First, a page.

Luckily, both speakers offer a Quick Charge feature with slight differences. A quick 20-minute charge of the Stockwell II will give you 6 hours, Kilburn can only squeeze out 3 hours of playtime. Although it looks like Stockwell II takes the cake here, it needs 5 hours to fully charge while Kilburn II takes only half of that.
The Kilburn II comes with a power cord that you plug in at the back. The Stockwell II, on the other hand, requires a USB-C cable for charging. You may want to consider these charging options when choosing the right speaker for you.
Both speakers are Bluetooth 5.0 compatible, which means you can connect a device and play music within 30 feet away. Need two devices to connect to your Bluetooth speaker simultaneously? Marshall Kilburn II and Marshall Stockwell II have got you covered.
Volume, treble, and bass can be customized on both speakers using assigned knobs allowing you to fine-tune the audio output according to your whim. The Bluetooth pairing button is located on the left, while the battery level indicator is located on the right.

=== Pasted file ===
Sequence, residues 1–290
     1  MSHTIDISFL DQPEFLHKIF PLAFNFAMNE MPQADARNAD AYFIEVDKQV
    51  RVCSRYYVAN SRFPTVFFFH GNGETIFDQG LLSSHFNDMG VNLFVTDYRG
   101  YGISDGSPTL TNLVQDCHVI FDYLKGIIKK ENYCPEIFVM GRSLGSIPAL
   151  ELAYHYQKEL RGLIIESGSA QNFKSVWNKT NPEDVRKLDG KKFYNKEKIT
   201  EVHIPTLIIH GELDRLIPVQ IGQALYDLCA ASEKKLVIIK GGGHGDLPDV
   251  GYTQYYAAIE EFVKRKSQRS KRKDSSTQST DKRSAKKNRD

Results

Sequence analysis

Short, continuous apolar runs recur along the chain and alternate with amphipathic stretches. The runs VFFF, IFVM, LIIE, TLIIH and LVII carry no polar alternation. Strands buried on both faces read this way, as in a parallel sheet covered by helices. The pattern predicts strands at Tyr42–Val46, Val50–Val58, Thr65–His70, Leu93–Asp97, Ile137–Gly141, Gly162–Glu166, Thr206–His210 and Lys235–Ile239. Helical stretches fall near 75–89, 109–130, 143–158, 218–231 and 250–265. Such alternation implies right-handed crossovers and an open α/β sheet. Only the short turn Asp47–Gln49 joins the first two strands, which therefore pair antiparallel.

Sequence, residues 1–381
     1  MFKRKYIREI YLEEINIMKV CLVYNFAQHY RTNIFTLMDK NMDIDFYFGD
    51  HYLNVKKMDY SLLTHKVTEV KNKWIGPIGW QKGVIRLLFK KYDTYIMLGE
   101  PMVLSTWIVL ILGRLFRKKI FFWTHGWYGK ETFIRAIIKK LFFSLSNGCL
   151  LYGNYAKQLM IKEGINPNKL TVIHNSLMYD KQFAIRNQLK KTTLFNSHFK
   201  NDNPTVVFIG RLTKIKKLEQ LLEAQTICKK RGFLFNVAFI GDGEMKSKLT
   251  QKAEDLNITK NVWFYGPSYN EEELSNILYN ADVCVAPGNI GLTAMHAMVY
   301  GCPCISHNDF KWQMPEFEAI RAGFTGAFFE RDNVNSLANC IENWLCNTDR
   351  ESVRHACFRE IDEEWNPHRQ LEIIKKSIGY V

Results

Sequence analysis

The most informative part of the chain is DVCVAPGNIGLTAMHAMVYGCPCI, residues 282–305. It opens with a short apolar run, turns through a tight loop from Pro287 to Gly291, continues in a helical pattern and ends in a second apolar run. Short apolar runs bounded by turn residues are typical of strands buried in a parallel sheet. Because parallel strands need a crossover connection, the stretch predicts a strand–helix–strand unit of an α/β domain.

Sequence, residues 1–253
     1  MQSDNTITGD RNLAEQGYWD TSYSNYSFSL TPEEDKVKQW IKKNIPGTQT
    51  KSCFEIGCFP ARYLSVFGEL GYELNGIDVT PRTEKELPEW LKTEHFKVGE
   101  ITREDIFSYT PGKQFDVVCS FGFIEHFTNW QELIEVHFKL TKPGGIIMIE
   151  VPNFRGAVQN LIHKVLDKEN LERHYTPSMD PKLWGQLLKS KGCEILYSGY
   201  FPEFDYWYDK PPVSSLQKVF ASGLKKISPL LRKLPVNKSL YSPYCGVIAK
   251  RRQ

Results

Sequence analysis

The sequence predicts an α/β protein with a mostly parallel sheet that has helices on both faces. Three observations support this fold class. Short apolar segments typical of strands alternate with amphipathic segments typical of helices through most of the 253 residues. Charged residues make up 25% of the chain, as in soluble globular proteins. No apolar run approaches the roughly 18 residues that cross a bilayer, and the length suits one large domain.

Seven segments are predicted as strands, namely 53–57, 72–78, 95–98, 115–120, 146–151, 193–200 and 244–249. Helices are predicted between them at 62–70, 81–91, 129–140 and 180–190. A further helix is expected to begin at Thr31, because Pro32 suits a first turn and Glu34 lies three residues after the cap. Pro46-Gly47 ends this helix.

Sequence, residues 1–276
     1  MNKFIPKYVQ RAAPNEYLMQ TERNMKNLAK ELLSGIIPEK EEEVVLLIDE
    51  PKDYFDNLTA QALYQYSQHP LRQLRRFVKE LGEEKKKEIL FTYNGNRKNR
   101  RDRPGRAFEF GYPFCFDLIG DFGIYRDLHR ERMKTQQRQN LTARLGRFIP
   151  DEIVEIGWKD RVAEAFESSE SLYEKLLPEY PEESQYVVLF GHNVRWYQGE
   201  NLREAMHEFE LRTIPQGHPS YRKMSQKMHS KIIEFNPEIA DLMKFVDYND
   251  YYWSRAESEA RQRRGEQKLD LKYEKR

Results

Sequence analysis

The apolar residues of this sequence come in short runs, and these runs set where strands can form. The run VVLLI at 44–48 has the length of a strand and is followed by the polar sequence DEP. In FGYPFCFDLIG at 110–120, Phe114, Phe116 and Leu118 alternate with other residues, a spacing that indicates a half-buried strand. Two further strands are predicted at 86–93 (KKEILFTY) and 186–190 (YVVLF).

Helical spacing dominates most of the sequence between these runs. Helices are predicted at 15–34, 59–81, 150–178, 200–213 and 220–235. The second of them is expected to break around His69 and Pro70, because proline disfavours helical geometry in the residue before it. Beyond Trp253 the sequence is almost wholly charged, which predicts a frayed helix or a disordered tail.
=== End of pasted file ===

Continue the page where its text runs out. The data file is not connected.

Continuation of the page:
When it comes to audio performance, the Marshall brand never fails to deliver. The same can be said for these two Bluetooth speakers. Advances in technology have allowed more audio power to be squeezed into small boom boxes as Marshall Kilburn II and Marshall Stockwell II. They’re both so loud you’ll wonder how the sounds are being produced.
The multi-directional sound technology means you’ll be immersed in your choice of music either indoors or out using a special method to create sounds that seem to emanate from all sides of the speaker.
Stockwell II’s frequency response range is between 60Hz to 20KHz. Kilburn II can produce lower lows with a slightly wider range of 52Hz to 20 kHz. The more powerful Kilburn II also stomps the Stockwell II with its Max Sound Pressure Level set at 100.4 dB compared to the latter’s 80 dB. The same goes for the Woofers and Tweeters. Stockwell II is only rated at 20 watts against Kilburn II’s 36 watts.
Tested side by side, you’ll immediately notice the significant difference between the two. Kilburn II has deeper bass and louder volume compared to its smaller cousin, the Stockwell II.